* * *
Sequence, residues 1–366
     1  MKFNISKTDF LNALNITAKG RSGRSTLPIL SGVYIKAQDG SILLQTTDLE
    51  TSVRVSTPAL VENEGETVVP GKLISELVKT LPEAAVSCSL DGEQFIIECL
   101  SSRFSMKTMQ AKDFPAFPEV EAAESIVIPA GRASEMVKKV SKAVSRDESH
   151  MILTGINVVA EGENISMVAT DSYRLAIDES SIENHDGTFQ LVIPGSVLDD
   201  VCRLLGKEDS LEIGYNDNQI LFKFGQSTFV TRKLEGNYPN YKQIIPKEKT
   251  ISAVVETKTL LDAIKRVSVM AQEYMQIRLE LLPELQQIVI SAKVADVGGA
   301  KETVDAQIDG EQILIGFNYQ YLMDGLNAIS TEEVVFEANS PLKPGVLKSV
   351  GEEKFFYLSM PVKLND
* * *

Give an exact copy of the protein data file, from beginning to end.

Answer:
Sequence, residues 1–366
     1  MKFNISKTDF LNALNITAKG RSGRSTLPIL SGVYIKAQDG SILLQTTDLE
    51  TSVRVSTPAL VENEGETVVP GKLISELVKT LPEAAVSCSL DGEQFIIECL
   101  SSRFSMKTMQ AKDFPAFPEV EAAESIVIPA GRASEMVKKV SKAVSRDESH
   151  MILTGINVVA EGENISMVAT DSYRLAIDES SIENHDGTFQ LVIPGSVLDD
   201  VCRLLGKEDS LEIGYNDNQI LFKFGQSTFV TRKLEGNYPN YKQIIPKEKT
   251  ISAVVETKTL LDAIKRVSVM AQEYMQIRLE LLPELQQIVI SAKVADVGGA
   301  KETVDAQIDG EQILIGFNYQ YLMDGLNAIS TEEVVFEANS PLKPGVLKSV
   351  GEEKFFYLSM PVKLND